On Saturday, people around the world will gather together to do even more for the planet's oceans and waterways....


Zoo Monkey Spends Every Day Trying To Get Out Of These Chains Thrillist

In an upsetting video, a chained macaque monkey holds his face in his hands as he neurotically rolls on the ground. A moment later, he stands and tries to walk forward. When the chain around his neck stops him, he rocks back and forth, looking visibly distressed. Then the macaque doubles back, plops down on the dirt and grabs tiny bits of grass to stuff into his mouth. But he cant eat much the freshest, greenest grass lies just beyond his reach.

Last month, members of the Scorpion Wildlife Monitoring Group, an Indonesian organization that works to protect animals, captured this footage at the Taman Galaxy Zoo in East Java, Indonesia.

It was heartbreaking, Marison Guciano, director for investigations for Scorpion Wildlife Monitoring Group, told The Dodo. We do not understand why they have to keep the macaques in this condition. Do they have no conscience?

But it wasnt just one distressed macaque at the Taman Galaxy Zoo five other macaques were also on display, either chained by the waist, or locked up in tiny cages without enrichment or access to food or water.

Credit: Scorpion Wildlife Monitoring Group

Guciano believes that all of these macaques were stolen from the wild, so keeping them in these captive situations was particularly cruel.

Dozens of other animals, such as hornbills, owls, eagles, gibbons, snakes, crocodiles and deer, were also being kept in small cages at the zoo, Guciano said.

Credit: Scorpion Wildlife Monitoring Group

Unfortunately, the Taman Galaxy Zoo isnt the only facility in Indonesia keeping animals in this way. Jason Baker, vice president of PETA Asia, told The Dodo that many zoos in Indonesia keep animals in poor conditions, and that...


Couple Finds Tiny Hummingbird Who Can't Fly Trapped In Flowerpot Thrillist

Michelle Perner and her boyfriend were wandering around outside when they noticed a tiny hummingbird lying in a flowerpot, weak and injured. Another smaller pot had fallen on top of her and they quickly removed it, hoping that would help, but the poor bird appeared to be too injured to fly away.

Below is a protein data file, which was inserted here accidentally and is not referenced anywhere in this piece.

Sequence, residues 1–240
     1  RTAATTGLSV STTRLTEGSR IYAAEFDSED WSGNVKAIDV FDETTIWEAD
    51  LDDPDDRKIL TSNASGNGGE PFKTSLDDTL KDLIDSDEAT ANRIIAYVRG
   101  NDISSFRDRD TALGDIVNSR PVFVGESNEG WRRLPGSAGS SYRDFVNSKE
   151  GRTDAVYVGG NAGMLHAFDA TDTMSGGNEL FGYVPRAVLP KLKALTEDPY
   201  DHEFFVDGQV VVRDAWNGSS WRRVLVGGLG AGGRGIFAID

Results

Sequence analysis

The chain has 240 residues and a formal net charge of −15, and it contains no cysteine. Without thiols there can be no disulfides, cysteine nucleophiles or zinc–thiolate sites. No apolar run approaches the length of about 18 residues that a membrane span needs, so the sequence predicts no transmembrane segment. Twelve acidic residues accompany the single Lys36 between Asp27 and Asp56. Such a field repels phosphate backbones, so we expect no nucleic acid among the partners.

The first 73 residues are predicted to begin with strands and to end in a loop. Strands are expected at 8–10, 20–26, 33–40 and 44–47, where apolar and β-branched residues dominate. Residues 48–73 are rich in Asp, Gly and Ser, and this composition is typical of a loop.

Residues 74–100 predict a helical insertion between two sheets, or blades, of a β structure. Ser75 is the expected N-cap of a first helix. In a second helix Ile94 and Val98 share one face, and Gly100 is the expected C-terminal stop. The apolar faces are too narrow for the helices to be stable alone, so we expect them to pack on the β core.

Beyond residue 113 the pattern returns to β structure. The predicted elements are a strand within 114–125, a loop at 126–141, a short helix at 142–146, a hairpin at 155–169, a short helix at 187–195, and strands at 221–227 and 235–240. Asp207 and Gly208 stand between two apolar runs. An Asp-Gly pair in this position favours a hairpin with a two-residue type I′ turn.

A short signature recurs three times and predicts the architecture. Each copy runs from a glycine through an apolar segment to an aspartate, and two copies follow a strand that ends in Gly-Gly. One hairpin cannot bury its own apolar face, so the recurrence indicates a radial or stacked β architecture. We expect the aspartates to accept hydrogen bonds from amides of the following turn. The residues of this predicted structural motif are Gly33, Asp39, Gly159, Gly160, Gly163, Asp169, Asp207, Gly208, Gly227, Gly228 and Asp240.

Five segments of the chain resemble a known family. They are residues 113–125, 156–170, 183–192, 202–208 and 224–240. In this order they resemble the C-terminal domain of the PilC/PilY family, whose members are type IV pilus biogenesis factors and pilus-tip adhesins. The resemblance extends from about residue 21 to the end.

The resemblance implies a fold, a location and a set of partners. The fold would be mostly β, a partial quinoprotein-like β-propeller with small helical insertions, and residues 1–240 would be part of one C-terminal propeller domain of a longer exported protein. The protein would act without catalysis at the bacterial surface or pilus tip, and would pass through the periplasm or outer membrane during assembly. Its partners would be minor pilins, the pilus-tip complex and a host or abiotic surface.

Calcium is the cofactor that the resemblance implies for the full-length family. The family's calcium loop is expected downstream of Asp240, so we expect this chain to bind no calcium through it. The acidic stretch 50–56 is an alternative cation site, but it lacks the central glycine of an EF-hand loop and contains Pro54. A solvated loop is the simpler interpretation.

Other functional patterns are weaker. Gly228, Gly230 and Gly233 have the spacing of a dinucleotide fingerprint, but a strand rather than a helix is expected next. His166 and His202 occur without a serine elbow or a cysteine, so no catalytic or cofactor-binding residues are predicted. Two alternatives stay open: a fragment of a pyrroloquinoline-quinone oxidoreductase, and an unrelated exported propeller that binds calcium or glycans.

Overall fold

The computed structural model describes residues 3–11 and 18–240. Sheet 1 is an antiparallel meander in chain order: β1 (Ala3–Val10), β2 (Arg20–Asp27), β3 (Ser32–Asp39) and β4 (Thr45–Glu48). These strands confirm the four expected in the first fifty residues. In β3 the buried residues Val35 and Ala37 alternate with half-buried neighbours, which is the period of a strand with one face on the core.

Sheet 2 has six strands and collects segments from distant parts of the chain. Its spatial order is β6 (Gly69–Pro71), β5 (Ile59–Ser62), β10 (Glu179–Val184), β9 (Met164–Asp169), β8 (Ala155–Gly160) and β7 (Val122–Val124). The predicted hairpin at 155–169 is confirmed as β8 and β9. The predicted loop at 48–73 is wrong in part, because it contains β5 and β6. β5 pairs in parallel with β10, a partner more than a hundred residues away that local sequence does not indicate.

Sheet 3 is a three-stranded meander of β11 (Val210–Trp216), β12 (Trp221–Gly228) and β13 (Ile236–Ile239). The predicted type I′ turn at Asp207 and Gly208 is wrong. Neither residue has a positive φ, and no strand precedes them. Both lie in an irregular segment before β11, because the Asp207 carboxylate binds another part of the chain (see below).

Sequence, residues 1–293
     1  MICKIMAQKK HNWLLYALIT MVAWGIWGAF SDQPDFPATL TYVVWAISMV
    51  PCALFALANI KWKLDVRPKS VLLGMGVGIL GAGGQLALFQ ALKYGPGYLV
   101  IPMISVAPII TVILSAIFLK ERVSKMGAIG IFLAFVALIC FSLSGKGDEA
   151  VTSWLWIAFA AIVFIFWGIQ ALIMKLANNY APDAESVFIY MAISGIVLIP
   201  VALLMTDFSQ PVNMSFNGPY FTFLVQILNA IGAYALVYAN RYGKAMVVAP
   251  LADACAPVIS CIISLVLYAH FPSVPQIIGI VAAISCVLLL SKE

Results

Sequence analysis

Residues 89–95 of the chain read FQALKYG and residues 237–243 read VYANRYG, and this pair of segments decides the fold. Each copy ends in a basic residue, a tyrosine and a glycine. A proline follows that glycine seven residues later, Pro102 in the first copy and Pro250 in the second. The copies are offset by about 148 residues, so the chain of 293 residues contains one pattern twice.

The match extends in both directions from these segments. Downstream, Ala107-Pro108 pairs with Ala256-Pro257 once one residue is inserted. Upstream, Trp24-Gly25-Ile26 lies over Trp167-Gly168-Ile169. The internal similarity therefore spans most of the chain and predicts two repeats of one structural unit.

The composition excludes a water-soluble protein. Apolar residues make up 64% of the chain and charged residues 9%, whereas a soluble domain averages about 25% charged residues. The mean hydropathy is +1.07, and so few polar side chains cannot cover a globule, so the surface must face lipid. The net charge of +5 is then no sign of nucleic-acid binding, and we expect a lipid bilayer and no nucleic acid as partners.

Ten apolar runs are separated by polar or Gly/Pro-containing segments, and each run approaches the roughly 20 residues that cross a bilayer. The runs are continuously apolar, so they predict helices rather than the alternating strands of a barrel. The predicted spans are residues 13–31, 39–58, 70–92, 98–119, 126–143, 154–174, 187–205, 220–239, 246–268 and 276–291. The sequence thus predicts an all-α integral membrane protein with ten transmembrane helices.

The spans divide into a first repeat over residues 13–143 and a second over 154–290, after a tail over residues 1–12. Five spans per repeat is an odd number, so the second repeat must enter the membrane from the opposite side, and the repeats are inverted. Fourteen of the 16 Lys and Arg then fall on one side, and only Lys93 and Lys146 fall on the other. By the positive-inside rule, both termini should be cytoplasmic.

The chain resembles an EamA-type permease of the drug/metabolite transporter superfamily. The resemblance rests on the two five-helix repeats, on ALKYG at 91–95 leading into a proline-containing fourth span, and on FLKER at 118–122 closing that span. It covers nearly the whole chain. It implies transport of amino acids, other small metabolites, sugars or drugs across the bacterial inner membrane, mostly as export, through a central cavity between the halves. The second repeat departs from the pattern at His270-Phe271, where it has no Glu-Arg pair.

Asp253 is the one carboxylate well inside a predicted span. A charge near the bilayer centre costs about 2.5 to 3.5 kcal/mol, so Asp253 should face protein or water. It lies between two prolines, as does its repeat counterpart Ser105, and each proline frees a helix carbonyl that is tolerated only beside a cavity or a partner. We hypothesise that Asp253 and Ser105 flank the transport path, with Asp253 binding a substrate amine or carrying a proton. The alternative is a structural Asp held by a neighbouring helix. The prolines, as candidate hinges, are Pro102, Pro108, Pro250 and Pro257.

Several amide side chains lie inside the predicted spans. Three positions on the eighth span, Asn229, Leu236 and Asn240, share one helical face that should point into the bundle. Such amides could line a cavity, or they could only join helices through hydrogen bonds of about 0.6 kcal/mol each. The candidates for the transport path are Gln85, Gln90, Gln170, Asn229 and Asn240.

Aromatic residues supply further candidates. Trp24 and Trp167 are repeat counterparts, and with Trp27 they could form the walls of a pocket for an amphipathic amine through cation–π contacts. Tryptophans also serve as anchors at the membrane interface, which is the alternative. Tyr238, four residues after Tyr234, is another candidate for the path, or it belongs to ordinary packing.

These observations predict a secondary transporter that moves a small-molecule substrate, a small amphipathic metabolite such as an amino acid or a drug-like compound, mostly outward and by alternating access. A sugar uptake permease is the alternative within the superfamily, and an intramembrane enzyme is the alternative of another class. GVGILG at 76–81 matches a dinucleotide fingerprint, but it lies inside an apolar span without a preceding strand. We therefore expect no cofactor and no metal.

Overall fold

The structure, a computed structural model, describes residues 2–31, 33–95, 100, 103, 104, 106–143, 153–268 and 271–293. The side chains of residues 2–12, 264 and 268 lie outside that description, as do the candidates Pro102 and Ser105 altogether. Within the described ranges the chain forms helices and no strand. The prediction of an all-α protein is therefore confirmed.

Credit: Michelle Perner

After we removed the pot she made several attempts to fly, but only fell down again, Perner told The Dodo. 

Not wanting to leave her to suffer, the couple scooped up the little bird and took her home with them. They boiled some water with sugar, allowed it to cool, and then filled a water bottle cap with the mixture and held it up to the hummingbird, who eagerly accepted it. 

Credit: Michelle Perner

I used my finger to drop bits of the water near the birds beak, Perner said. She was very thirsty and her little tongue just kept drinking! There was a physical change in her appearance after she drank, but she still couldn't fly.

Credit: Michelle Perner

Even though the sugar water helped the hummingbird regain her strength, her wing was still too damaged for her to fly away. Knowing she probably wouldnt survive on her own like that, and not having the skills or resources to care for her themselves, the couple decided to contact a local wildlife rescue to come and take the hummingbird. 



Nuclear Event Automatic Reactor Trip: (Unusual Event Emergency Declared) Waterford Unit 3, Killona, LA [UPDATE] Head Space

North America USA | State of Louisiana, Killona, Waterford Unit 3 Nuclear Power Station Location: 295943.0N 902816.0W Present Operational Age: ~32 years Emergency Class: UNUSUAL EVENT 10 CFR Section: 50.72(a) (1) (i) EMERGENCY DECLARED 50.72(b)(2)(iv)(B) RPS ACTUATION CRITICAL 50.72(b)(3)(iv)(A) VALID SPECIF SYS ACTUATION 50.72(b)(3)(v)(A) POT UNABLE TO SAFE SD Nuclear Event []


What you need to know and are not told about hurricanes Watts Up With That?

By Larry Kummer. From the Fabius Maximus website Summary: Millions of words were expended reporting about Hurricanes Harvey and Irma, but too little about the science connecting them to climate change. Here are the details, contrasted with the propaganda barrage of those seeking to exploit these disasters for political gain. Lets listen to these scientists


Mama Dog Who Lived In Junkyard Is So Happy Her Puppies Are Safe Now Thrillist

For years, the only home the dogs knew was a junkyard in an alleyway in Baltimore. While theyd technically been owned by someone, the owner had recently passed away, and the dogs had been fending for themselves ever since.

Thankfully, someone alerted animal control.

Credit: BARCS

When the officers arrived a few weeks ago, they found two dogs a male Labrador mix and a petite golden-furred female whod be named Goldilocks. But as the officers were getting the dogs onto their transport vehicle, they heard something squeaking. A swift search led them to three tiny puppies two black ones and one brown huddled behind a junk pile.

Credit: BARCS

[Goldilocks] had been caring for them, but they just werent visible to animal control when they got there, Maureen Sosa, intake director at the Humane Rescue Alliance, told The Dodo. But she allowed them to pick her puppies up, and she was very sweet about the whole thing.

Credit: BARCS

The officers took the dogs back to Baltimore Animal Rescue and Care Shelter (BARCS), and kept them there for their stray hold.

They wanted to make sure that nobody was going to come forward for them, like a family member, Sosa said. But no one did.



Fall's Favorite Flavor Is Surprisingly Good For Pets Thrillist

Every year when the weather turns colder and the days get shorter, America restarts its pumpkin obsession.

With all the pumpkin-flavored treats available, from pies to lattes to pumpkin spice pizza, October might as well be pumpkin appreciation month. But the seasonal favorite isnt just ideal for baking and decorating pumpkins are surprisingly good for pets, too.